We introduce a new flexible paradigm of grounding and solving in Answer Set Programming (ASP), which we refer to as multi-shot ASP solving, and present its implementation in the ASP system clingo. Multi-shot ASP solving features grounding and solving processes that deal with continuously changing logic programs. In doing so, they remain operative and accommodate changes in a seamless way. For instance, such processes allow for advanced forms of search, as in optimization or theory solving, or interaction with an environment, as in robotics or query answering. Common to them is that the problem specification evolves during the reasoning process, either because data or constraints are added, deleted, or replaced. This evolutionary aspect adds another dimension to ASP since it brings about state changing operations. We address this issue by providing an operational semantics that characterizes grounding and solving processes in multi-shot ASP solving. This characterization provides a semantic account of grounder and solver states along with the operations manipulating them. The operative nature of multi-shot solving avoids redundancies in relaunching grounder and solver programs and benefits from the solver's learning capacities. clingo accomplishes this by complementing ASP's declarative input language with control capacities. On the declarative side, a new directive allows for structuring logic programs into named and parameterizable subprograms. The grounding and integration of these subprograms into the solving process is completely modular and fully controllable from the procedural side. To this end, clingo offers a new application programming interface that is conveniently accessible via scripting languages. By strictly separating logic and control, clingo also abolishes the need for dedicated systems for incremental and reactive reasoning, like iclingo and oclingo, respectively, and its flexibility goes well beyond the advanced yet still rigid solving processes of the latter.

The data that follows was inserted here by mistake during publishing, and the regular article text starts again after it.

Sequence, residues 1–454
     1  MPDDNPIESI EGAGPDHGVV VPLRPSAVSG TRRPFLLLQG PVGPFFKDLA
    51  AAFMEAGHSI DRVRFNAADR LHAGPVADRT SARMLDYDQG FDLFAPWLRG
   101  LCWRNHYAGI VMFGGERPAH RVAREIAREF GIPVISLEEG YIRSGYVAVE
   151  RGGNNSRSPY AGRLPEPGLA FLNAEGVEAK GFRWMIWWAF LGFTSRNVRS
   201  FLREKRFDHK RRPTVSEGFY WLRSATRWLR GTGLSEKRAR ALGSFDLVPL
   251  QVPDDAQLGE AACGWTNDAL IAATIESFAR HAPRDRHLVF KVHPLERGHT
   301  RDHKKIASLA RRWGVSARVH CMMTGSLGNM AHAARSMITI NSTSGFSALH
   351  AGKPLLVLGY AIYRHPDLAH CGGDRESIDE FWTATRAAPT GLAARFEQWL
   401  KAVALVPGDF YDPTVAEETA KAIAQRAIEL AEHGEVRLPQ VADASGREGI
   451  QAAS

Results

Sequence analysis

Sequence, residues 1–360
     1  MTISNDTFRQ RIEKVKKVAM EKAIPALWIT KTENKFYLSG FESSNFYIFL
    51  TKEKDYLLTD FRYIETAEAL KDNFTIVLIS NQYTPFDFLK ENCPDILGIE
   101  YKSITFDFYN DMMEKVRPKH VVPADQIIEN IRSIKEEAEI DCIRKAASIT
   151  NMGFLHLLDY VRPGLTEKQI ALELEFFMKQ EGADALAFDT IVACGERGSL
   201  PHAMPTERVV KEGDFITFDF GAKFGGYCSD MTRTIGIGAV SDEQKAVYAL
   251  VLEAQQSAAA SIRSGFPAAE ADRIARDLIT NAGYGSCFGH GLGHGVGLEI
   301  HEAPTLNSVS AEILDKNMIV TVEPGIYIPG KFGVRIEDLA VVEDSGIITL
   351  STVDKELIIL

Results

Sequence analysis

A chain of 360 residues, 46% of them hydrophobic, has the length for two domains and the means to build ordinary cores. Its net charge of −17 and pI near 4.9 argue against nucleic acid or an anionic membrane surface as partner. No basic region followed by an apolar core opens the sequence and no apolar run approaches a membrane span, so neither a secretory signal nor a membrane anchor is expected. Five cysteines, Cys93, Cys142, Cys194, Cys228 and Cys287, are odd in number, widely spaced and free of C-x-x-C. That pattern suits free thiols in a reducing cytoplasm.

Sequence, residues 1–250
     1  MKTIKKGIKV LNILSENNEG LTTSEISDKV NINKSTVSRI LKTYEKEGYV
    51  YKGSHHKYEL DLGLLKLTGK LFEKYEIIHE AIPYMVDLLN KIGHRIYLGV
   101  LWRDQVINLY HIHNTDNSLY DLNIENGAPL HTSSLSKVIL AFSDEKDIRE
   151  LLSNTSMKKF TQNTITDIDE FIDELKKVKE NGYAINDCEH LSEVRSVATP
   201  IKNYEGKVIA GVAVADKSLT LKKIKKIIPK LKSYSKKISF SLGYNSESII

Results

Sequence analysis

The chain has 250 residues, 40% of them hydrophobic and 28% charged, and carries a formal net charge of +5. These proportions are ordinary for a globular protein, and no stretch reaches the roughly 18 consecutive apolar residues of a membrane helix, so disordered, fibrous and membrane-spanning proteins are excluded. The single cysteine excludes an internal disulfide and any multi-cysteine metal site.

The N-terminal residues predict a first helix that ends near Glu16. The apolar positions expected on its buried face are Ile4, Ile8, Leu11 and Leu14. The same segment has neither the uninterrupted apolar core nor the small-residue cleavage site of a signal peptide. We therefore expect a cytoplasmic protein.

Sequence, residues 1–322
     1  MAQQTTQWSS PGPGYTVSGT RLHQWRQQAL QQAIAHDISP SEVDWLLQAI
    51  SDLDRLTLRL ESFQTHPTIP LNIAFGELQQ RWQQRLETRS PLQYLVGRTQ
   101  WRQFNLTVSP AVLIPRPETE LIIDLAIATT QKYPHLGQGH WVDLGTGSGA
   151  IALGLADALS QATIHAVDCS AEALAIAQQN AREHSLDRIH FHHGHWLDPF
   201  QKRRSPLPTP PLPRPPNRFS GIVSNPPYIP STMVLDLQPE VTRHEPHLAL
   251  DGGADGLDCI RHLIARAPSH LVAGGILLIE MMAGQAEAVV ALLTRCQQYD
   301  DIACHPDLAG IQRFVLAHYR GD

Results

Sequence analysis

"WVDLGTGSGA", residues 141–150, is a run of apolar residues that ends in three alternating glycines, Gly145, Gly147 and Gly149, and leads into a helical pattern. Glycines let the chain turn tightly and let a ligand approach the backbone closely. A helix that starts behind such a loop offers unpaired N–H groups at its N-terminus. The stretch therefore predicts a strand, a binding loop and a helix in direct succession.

Background: MS related trigeminal neuralgia (MS-TN) is associated with high recurrence and retreatment rates. Optimal treatment and role for partial sensory rhizotomy (PSR) for MS-TN remains to be determined. Methods: We analyzed time to treatment failure (TTF) after PSR (n=14) versus other prior procedures (n=53) among 12 consecutively treated MS-TN patients. Kaplan-Meier curves and Log-Rank tests were utilized to compare BNI pain scores and TTF after PSR vs prior procedures using the same patient cohort as their own control group. Subsequent analysis compared TTF after PSR to other procedures (n=93) among a second cohort of 18 MS-TN patients not undergoing PSR. Results: TTF was significantly longer after PSR compared to prior procedures among the PSR cohort (p<0.0001) with median TTF of 79 vs 10 months respectively. Similarly, there was a longer TTF after PSR compared to prior procedures among the MS-TN cohort with median TTF 79 vs 16 months respectively (p<0.001). PSR resulted in a higher proportion of excellent pain scores when compared to prior procedures in the MS-TN cohort (77% vs 29%, p<0.001). Conclusions: TTF was significantly longer following partial sensory rhizotomy compared to other prior procedures in MS-TN patients. A higher proportion of patients achieved excellent BNI pain scores after PSR.